Road, Montana Crescent, Roosevelt Avenue and Truman Avenue".
Despite its less than grand start, Riverwood was an OK place to grow up. My end of Weemala Ave on the southside of the railway line was privately owned and the rest was public housing but freestanding bungalows rather than high-rise. The population was very stable most of the families were there throughout my childhood. Their surnames were Williams, White, Wilson, Roberts, Padman, Freeman, Dransfield, Nagle, Savage and Roach.
In other words, white, english ancestry and mostly Protestant. We had parks to play rugby league and cricket in, plenty of places to ride bikes and a creek down the road to 'explore'. We were the children of blue collar workers and few of us aspired to university; our parents encouraged us to get jobs in places like banks and the public service because employment among the great armies of clerks was thought to be a job for life. We were an insular little community.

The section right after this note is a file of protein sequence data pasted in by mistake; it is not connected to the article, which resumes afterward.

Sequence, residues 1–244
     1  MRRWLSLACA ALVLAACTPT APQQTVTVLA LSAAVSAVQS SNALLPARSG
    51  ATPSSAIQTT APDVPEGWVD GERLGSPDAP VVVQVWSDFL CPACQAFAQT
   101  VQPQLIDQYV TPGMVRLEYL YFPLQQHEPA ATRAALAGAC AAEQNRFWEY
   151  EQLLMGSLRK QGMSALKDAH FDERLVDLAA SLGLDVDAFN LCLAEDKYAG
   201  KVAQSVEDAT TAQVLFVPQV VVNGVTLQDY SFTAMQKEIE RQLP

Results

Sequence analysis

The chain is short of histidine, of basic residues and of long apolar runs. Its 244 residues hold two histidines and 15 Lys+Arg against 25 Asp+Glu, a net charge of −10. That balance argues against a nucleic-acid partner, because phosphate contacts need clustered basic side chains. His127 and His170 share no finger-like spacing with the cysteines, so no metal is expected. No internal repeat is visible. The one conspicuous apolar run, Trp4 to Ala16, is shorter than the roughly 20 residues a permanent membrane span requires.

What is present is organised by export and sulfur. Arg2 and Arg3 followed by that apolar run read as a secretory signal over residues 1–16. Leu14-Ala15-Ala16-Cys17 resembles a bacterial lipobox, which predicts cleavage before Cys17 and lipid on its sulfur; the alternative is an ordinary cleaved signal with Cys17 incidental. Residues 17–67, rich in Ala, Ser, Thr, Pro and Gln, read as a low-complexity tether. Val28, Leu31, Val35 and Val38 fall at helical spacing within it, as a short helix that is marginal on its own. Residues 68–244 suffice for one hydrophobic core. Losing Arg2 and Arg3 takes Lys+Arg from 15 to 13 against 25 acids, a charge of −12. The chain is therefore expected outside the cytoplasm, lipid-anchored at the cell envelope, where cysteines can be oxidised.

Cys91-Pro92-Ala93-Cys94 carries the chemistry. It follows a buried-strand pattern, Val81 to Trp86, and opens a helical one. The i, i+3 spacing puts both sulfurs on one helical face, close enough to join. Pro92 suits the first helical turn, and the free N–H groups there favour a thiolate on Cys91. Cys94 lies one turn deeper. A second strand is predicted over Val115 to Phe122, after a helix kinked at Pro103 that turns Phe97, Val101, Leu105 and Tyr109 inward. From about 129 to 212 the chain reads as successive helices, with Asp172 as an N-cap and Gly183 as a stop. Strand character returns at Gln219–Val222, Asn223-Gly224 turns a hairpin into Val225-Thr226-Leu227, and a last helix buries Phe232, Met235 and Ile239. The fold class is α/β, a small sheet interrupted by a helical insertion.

Petty crime seemed to be something of a way of life, stolen cigarettes were always availbale for sale at the pub, petrol was siphoned out of parked cars and 'tie a yellow ribbon round the old oak tree' was popular on the jukebox.
While I was still living there the Italians were only just starting to become evident. They were a strange new breed to us. Women dressed in black and huge empty olive oil cans put out with the garbage were evidence of a life lived differently. They came to Riverwood for the same reason that everyone else did - affordable housing.